Plaintiffs are property owners in what were originally three separate planned communities known as Mystic Lands. Defendants are the developer/declarant and its sole shareholder, Shinitzky. In October of 2006 the Plaintiff and his wife entered into a contract with declarant to purchase Lot 28 in Mystic Ridge. The Property Information Sheet stated “the streets throughout Mystic Ridge are private and shall be maintained by the … Association. The initial capital expense for the streets, including the asphalt, shall be bourne (sic) by the Developer.” Shinitzky said this statement represented the intention of the Developer and that other similar representations meant “asphalt paved roads.” However the deed described the lot by reference to the plat which stated “ALL INTERIOR ROADS ARE 14’ GRAVEL.” Developer did pave some of the roads in Mystic Ridge as the development progressed, but in 2013, for the first time, Shinitzky stated in a Property Disclosure Statement that the roads “would be gravel.”
In 2015 Plaintiffs filed suit “for judgment declaring the period of declarant control had expired and injunctive relief.” A jury held that the purchase contract required the Developer to pave the roads and that Developer had breached the contract. The trial Judge granted Plaintiff’s motion for specific performance requiring Developer to pave the roads. Developer appealed.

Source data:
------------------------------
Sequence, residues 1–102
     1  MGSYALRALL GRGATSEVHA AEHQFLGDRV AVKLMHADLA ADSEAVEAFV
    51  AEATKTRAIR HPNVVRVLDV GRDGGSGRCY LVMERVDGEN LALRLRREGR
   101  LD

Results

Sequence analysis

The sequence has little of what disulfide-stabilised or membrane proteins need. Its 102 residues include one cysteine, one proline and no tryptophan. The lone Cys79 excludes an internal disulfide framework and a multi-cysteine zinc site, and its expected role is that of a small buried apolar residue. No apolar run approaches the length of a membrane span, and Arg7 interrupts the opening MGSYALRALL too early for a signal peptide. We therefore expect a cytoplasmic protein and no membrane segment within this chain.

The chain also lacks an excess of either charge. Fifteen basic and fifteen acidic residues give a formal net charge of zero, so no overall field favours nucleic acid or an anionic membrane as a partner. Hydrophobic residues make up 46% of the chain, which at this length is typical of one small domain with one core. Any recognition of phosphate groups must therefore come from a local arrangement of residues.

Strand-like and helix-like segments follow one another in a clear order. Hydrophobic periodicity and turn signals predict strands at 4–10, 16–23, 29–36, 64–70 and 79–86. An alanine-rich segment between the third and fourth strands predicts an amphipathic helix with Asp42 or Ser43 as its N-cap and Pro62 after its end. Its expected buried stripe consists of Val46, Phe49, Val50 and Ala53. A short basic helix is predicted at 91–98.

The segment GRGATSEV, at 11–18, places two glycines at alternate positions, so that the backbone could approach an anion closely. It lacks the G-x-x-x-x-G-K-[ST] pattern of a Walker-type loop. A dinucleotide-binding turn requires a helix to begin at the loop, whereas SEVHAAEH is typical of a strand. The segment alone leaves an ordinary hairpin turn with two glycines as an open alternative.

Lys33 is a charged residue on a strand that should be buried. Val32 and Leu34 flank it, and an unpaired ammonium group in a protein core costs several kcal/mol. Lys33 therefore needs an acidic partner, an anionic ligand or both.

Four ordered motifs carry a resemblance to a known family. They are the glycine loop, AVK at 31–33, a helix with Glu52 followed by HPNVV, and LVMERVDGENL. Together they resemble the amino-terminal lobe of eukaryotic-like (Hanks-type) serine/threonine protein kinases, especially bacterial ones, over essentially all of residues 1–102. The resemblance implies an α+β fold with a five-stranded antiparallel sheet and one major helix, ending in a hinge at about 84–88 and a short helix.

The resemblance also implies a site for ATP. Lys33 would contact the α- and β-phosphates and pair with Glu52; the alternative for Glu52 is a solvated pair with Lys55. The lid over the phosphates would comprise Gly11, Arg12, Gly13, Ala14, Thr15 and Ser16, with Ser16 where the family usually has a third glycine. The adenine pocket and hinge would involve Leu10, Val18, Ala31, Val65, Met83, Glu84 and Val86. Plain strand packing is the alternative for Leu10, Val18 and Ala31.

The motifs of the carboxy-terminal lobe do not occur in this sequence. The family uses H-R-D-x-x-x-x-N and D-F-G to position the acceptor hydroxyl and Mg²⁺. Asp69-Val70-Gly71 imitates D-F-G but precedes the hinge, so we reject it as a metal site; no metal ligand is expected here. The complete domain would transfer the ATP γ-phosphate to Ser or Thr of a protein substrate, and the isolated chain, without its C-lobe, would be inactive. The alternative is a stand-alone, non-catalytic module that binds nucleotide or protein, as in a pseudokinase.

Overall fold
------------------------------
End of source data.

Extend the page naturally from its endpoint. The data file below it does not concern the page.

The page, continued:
Developer literally raised what seems like every possible defense, including (1) there was no valid contract to pave the roads; (2) the statute of limitations had passed, (3) novation, (4) estoppel, (5) waiver (6) laches, and (7) acceptance of the deed barred the specific performance claim. Although the case involved other issues as well, including the calculation of the time that Developer could maintain control, in the end the Appeals Court affirmed the trial court judgment on both the breach of contract for failing to pave and for an injunction preventing Developer from further exercising declarant control.
- If you sign a contract stating that you will pave roads or that roads will be paved, people will hold you to your word, even if other documents say something to the contrary; and
- When you are the one who wrote the condominium documents and the Property Information Sheet, the inconsistencies will likely be interpreted against the drafter of the documents.
Anderson v. Mystic Lands, Inc. 852 S.E. 2d 735 (2020, Fla)